(Jan Verwoert, 2007)

ART&RESEARCH: A Journal of Ideas, Contexts and Methods, Volume 1. No. 2. Summer 2007, ISSN 1752-6388



2007 • acquiring knowledge • adopting concepts • adopting imagery • adopting ways of making art • appropriation practicesArt and Research (journal)art historyart practice • artistic appropriation • artistic meansartworkauthor as geniusauthorshipcitationcite • common creative technique • copy and modify • copy-and-paste culturecopying of artistic works • Craig Owens • creative genius • creative technique • cult of individual genius • cult of the author • Douglas Crimp • exemplary works • expropriation • Frederic Jameson • genial creatorgenius myth • heroic act • ideological distortion • Jan Verwoert • making of art • materialist model • modern art • modern art education • modern art production • neoclassicist tendencies • nothing is original • original creation • pastiche • postmodern critics • radically new art • Robert Longoromantic notion of the artist • spontaneous creativity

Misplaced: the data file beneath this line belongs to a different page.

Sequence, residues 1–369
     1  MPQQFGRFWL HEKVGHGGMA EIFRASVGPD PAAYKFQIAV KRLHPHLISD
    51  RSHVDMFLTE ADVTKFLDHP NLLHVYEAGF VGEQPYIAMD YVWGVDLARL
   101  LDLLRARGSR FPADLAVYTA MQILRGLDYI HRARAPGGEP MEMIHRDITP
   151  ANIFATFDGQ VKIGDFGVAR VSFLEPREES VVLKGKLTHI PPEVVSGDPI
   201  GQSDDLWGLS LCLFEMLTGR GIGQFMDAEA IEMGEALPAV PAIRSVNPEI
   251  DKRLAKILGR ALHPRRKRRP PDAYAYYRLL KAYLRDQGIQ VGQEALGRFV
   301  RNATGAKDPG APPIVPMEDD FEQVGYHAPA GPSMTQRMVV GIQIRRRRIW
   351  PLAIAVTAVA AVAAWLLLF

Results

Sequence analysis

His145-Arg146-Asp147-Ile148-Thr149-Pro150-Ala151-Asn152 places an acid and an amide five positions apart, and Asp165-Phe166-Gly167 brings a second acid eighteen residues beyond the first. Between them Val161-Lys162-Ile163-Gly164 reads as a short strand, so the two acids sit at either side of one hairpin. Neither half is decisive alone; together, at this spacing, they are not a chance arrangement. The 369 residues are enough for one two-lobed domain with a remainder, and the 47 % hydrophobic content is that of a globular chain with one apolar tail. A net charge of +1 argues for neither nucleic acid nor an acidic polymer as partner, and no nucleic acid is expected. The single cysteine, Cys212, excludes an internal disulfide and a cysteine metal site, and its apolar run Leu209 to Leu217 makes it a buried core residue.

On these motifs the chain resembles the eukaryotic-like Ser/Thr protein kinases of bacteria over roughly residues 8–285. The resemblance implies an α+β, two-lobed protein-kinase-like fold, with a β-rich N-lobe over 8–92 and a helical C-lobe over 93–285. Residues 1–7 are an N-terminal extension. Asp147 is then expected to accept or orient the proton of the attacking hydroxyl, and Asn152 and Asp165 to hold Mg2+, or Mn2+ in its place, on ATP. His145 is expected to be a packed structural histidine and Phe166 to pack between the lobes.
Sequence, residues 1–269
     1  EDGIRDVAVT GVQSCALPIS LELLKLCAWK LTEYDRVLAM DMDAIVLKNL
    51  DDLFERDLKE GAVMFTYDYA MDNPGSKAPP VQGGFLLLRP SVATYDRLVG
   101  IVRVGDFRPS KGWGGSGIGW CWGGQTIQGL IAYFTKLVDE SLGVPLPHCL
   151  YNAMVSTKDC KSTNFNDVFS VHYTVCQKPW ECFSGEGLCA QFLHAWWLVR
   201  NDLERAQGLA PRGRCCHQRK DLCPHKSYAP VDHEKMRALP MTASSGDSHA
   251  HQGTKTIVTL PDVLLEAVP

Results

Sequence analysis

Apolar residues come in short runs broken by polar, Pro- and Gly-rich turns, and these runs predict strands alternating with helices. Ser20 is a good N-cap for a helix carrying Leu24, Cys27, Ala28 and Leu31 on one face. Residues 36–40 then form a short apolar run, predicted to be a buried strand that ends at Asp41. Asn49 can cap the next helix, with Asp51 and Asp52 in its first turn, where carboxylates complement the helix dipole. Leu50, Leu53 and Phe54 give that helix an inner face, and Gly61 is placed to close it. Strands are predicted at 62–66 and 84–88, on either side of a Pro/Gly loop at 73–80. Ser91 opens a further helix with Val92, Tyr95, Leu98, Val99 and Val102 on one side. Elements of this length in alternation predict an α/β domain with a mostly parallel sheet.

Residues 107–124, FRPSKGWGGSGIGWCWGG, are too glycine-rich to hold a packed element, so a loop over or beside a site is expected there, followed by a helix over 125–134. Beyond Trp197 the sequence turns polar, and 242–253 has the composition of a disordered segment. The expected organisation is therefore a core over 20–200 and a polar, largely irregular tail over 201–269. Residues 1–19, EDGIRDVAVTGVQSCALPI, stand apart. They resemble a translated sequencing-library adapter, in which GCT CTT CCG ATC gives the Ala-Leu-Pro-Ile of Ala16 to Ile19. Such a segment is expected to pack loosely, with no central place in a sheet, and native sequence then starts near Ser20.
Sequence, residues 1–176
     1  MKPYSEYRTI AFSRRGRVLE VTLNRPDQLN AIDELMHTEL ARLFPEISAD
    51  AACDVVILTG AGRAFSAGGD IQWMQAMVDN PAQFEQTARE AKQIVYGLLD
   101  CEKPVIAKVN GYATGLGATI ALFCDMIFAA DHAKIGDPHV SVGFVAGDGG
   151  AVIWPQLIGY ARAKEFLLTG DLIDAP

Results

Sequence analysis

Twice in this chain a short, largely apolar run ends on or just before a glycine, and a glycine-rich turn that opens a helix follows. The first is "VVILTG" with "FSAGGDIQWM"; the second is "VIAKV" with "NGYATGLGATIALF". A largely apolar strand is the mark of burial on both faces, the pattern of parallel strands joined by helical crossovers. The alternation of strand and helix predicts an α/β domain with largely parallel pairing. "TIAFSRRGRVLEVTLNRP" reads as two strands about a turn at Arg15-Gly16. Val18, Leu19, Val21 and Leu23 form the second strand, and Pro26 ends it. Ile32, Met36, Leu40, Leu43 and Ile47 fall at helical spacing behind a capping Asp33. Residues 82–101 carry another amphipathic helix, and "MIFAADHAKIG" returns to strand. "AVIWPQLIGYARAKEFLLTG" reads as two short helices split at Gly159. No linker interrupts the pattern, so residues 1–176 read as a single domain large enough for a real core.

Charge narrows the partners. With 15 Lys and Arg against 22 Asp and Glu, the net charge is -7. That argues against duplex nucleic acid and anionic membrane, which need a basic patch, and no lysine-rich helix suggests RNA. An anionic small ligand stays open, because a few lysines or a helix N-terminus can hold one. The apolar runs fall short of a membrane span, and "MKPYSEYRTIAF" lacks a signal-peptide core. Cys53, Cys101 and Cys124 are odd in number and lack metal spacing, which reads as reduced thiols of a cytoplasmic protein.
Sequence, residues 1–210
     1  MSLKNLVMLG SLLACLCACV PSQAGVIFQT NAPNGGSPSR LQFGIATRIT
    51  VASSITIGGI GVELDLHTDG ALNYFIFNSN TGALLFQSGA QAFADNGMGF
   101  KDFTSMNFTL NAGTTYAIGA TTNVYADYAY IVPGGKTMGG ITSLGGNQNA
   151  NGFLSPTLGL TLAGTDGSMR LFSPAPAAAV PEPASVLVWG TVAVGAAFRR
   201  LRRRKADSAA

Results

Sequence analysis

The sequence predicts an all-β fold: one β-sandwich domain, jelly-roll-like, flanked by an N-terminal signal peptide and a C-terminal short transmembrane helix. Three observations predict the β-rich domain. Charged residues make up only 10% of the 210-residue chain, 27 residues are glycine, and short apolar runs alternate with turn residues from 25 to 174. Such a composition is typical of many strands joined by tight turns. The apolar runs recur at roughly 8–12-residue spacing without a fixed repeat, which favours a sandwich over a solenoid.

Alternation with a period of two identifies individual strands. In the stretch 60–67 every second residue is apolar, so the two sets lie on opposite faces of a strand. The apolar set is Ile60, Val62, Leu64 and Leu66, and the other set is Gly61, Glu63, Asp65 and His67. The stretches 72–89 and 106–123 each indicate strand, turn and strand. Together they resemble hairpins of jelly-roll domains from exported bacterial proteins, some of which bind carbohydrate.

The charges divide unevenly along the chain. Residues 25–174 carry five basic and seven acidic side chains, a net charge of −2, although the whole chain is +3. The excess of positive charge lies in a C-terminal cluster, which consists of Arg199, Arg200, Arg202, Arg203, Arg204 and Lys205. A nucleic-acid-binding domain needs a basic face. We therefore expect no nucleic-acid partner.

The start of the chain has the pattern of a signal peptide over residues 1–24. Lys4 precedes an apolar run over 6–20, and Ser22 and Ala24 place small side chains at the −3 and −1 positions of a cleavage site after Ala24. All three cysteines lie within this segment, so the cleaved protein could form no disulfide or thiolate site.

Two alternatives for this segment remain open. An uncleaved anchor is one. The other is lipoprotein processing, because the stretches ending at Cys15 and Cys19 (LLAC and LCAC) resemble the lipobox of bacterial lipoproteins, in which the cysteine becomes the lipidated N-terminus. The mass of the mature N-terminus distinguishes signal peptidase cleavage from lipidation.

Simon Perkins

OECD report: school technology struggles to make an impact

"Another interpretation is that schools have not yet become good enough at the kind of pedagogies that make the most of technology; that adding 21st-Century technologies to 20th-Century teaching practices will just dilute the effectiveness of teaching.

If students use smartphones to copy and paste prefabricated answers to questions, it is unlikely to help them to become smarter. Educators who want to ensure that students become smarter than a smartphone need to think harder about the pedagogies they are using to teach them.

Technology can amplify great teaching but it seems technology cannot replace poor teaching.

The impact of technology on education delivery remains sub-optimal, because we may over-estimate the digital skills of both teachers and students, because of naive policy design and implementation strategies, because of a poor understanding of pedagogy, or because of the generally poor quality of educational software and courseware.